I think its the mind you need free from the conceit by seeing and knowing properly.
https://suttacentral.net/sn22.72/en/sujato wrote:“Sir, how does one know and see so that the mind is rid of ego, possessiveness, and conceit for this conscious body and all external stimuli; and going beyond discrimination, it’s peaceful and well freed?”
“kathaṃ nu kho, bhante, jānato kathaṃ passato imasmiñca saviññāṇake kāye bahiddhā ca sabbanimittesu ahaṅkāramamaṅkāramānāpagataṃ mānasaṃ hoti, vidhā samatikkantaṃ santaṃ suvimuttan”ti?
-
https://suttacentral.net/sn35.246/en/sujato wrote:In the same way, a mendicant searches for form, feeling, perception, choices, and consciousness anywhere they might be reborn.
As they search in this way, their thoughts of ‘I’ or ‘mine’ or ‘I am’ are no more.”
searching the place to be reborn, the I doesn't arise.
https://suttacentral.net/sn22.72/en/sujato wrote:“Surādha, one is freed by not grasping having truly seen any kind of form at all—past, future, or present; internal or external; coarse or fine; inferior or superior; far or near: *all* form—with right understanding: ‘This is not mine, I am not this, this is not my self.’
as you are searching and searching a place to be reborn(rooting for the external stimuli), albeit the self won't arise, that is anupādā(non-grasping) which is about realizing what is beyond discrimination or impingement.
https://suttacentral.net/sn22.72/en/sujato wrote:That’s how to know and see so that the mind is rid of ego, possessiveness, and conceit for this conscious body and all external stimuli; and going beyond discrimination, it’s peaceful and well freed.” …
the self doesn't get evicted. It is about seeing in a way where the conceit doesn't arise regards to the conscious body and external stimuli..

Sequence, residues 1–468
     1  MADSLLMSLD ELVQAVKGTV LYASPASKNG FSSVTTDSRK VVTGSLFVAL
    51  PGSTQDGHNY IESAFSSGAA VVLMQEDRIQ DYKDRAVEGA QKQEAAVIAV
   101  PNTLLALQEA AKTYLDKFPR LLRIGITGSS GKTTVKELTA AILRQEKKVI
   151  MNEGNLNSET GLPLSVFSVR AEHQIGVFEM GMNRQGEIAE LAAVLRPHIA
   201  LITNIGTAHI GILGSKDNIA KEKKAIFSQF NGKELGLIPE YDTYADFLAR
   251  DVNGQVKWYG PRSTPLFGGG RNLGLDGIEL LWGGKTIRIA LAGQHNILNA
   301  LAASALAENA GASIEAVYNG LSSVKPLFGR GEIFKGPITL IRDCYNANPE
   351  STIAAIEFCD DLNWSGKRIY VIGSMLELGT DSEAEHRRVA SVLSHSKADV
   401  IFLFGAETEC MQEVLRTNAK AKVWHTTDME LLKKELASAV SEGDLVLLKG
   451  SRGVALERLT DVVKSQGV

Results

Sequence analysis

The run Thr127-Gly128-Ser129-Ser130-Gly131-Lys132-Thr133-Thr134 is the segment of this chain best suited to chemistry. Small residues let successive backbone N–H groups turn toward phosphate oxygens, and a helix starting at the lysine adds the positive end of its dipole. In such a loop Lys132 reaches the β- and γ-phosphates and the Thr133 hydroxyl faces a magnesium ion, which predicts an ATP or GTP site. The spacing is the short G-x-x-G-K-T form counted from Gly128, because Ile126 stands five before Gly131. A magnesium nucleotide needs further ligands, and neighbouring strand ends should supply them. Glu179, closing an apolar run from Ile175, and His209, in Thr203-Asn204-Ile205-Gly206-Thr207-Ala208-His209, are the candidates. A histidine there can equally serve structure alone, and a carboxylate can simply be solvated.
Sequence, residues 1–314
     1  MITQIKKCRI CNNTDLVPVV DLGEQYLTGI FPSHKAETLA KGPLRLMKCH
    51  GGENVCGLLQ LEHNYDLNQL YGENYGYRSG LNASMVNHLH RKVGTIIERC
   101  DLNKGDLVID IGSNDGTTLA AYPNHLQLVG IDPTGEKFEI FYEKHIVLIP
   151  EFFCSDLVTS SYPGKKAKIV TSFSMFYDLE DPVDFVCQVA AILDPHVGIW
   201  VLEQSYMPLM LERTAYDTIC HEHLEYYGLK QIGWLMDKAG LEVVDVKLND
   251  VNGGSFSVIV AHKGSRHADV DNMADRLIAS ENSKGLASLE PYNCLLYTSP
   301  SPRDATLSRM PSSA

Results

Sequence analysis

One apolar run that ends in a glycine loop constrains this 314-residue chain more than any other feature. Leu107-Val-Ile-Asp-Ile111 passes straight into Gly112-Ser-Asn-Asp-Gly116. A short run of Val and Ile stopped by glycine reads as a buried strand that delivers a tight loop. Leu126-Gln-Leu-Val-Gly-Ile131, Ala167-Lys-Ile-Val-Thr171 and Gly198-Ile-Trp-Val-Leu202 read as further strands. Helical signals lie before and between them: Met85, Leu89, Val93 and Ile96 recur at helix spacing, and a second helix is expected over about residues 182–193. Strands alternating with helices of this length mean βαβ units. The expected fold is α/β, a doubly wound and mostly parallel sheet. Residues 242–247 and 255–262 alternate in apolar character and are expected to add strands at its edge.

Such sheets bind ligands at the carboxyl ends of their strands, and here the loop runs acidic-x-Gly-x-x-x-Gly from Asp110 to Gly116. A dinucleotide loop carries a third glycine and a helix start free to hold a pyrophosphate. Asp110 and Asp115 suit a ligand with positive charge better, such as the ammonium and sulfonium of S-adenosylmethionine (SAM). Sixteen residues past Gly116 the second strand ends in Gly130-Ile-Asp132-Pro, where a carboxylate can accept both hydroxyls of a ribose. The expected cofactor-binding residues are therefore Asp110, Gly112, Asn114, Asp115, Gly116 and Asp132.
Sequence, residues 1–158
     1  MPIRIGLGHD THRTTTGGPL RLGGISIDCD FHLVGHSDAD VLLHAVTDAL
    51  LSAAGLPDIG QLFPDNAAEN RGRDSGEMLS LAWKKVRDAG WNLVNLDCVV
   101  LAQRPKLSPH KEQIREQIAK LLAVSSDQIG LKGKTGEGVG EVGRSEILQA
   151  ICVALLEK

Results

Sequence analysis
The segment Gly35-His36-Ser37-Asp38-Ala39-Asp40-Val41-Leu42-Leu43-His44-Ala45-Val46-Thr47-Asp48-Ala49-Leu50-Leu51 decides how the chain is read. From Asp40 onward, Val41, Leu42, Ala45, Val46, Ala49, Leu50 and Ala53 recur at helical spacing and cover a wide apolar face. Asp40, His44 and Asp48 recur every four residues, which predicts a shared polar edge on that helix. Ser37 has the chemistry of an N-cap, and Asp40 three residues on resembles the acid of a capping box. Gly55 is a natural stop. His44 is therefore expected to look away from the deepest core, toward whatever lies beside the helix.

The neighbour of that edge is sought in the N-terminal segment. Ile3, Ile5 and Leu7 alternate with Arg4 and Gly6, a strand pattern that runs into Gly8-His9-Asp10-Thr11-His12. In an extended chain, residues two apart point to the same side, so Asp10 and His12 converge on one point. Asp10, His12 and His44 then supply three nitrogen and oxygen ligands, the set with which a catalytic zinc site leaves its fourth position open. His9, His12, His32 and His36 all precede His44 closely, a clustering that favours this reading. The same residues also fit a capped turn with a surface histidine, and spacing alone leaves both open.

https://suttacentral.net/sn22.72/en/sujato wrote:And Venerable Surādha became one of the perfected. aññataro ca panāyasmā surādho arahataṃ ahosīti.
he got perfected by hearing a mere explanation.
https://suttacentral.net/an3.33/en/sujato wrote: ‘The abandoning of both ‘Pahānaṃ kāmasaññānaṃ,
sensual perceptions and aversion; domanassāna cūbhayaṃ;
the dispelling of dullness, Thinassa ca panūdanaṃ,
and the cessation of remorse. kukkuccānaṃ nivāraṇaṃ.
Pure equanimity and mindfulness, Upekkhāsatisaṃsuddhaṃ,
preceded by investigation of principles—dhammatakkapurejavaṃ;
this, I declare, is liberation by enlightenment, Aññāvimokkhaṃ pabrūmi,
with the smashing of ignorance.’” avijjāya pabhedanan’”ti.
looks like it is about 4th jhana and going beyond it to the immaterial liberations.

Pulsar
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Re: Jhana

Post by Pulsar » Thu Oct 31, 2019 4:57 pm

Your last comment, you did a great job with it, thank you,
but the last sentence of it
looks like it is about 4th jhana and going beyond it to the immaterial liberations
I am not sure what you imply here. In my book, the immaterial is very well within the
fine material, and cessation also, either within or immediately after 4th jhana. That is where
Buddha awakened, and he left the world, too, within 4th jhana.
I shall discusss atta and anatta according to Buddha, at a later time, in case
you might change your mind. In reality there is no being or non-being, this is all
transitory stuff, only the ever whirling chain of dependent origination
circling. One must not get hung up on self nor non-self, but for the purpose of conversation
in a chat group, that is another matter.
how quickly life moves, we are here today, gone tomorrow. :candle:

auto
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Re: Jhana

Post by auto » Thu Oct 31, 2019 5:16 pm

Pulsar wrote:
Thu Oct 31, 2019 4:57 pm
Your last comment, you did a great job with it, thank you,
but the last sentence of it
looks like it is about 4th jhana and going beyond it to the immaterial liberations
I am not sure what you imply here. In my book, the immaterial is very well within the
fine material, and cessation also, either within or immediately after 4th jhana. That is where